Jem Bendell, a professor in sustainable leadership at the University of Cumbria, is the author of an academic article, Deep Adaptation: A Map for Navigating Climate Tragedy, which has become the closest thing to a manifesto for a generation of self-described "climate doomers".
In it, he argues that it is too late for us to avoid "the inevitability of societal collapse" caused by climate change. Instead, we are facing a "near-term" breakdown of civilisation - near-term meaning within about a decade.
Marc Morano, a former Inhofe communications staffer from his earlier stint atop the Environment panel and climate skeptic who cheers on the mocking of Democrats and climate activists, said the speech was an excellent act of trolling, even if it didn't change minds. "He was having fun. It was a lot of fun," said Morano, now an executive at the Committee for a Constructive Tomorrow. "I don't think it did anything; I just thought it was fun, and it was a great visual, and I think it really helped him," he said. "It gave the debate a lot of fun. It gave them their boogeyman, and he had fun being their boogeyman."
Climate activist Astrophysicist & Philosopher Martín López Corredoira on coronavirus and its impacts: "Neither Greenpeace, nor Greta Thunberg, nor any other individual or collective organization have achieved so much in favor of the health of the planet in such a short time."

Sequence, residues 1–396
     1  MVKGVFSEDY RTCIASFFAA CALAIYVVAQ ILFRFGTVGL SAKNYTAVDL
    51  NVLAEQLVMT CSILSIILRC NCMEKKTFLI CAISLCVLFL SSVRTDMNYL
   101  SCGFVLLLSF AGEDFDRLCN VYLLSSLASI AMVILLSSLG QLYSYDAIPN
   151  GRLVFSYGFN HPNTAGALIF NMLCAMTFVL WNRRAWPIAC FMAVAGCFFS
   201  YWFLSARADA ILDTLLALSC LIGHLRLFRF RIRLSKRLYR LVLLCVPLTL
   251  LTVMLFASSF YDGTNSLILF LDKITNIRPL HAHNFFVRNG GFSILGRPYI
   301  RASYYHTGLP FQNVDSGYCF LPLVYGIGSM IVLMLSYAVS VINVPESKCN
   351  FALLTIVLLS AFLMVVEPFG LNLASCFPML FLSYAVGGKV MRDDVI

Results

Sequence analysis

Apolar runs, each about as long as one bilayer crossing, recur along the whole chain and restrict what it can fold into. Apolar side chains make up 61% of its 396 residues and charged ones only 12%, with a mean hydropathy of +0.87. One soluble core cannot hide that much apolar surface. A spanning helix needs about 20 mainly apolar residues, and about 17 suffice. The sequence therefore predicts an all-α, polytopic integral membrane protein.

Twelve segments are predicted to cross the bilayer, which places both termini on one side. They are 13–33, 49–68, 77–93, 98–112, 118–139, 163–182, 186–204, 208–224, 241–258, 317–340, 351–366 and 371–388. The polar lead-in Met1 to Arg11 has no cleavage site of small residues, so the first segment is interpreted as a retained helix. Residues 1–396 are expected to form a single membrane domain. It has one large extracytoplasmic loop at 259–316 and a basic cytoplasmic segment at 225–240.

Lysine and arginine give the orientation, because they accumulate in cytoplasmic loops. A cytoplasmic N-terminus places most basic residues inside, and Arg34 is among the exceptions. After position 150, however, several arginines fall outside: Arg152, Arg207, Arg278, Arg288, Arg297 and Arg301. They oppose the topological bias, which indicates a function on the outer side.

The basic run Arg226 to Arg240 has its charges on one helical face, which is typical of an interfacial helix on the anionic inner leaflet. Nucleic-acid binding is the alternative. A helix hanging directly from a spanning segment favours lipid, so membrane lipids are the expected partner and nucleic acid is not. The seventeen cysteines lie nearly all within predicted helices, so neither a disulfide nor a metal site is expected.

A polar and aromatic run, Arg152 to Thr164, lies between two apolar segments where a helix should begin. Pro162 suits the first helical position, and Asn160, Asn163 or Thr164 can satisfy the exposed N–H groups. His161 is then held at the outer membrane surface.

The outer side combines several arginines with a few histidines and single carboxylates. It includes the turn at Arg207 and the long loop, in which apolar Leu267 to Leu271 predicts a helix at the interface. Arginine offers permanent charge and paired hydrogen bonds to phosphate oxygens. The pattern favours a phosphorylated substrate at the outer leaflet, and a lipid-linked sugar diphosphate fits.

"There are also positive aspects. As said by the proverb, every cloud has a silver lining...We see a reduced production in Chinese industry, which has resulted in a huge drop in China's pollution."
Venice...is now deathly silent. What a respite for the Venetians! What good news for the ecologists and tourist-haters! This positively affects the reduction of CO2 emission and the whole wave the destruction associated with holiday and professional conference tourism...It is certainly not very good for the economy in general, but it is fantastic for the environment."
Researchers will present new results Friday at the Ocean Sciences Meeting 2020 suggesting that with increased ocean temperatures, snapping shrimp will snap more often and louder than before. This could amplify the background noise, or soundscape, of the global ocean, with implications for marine life and humans.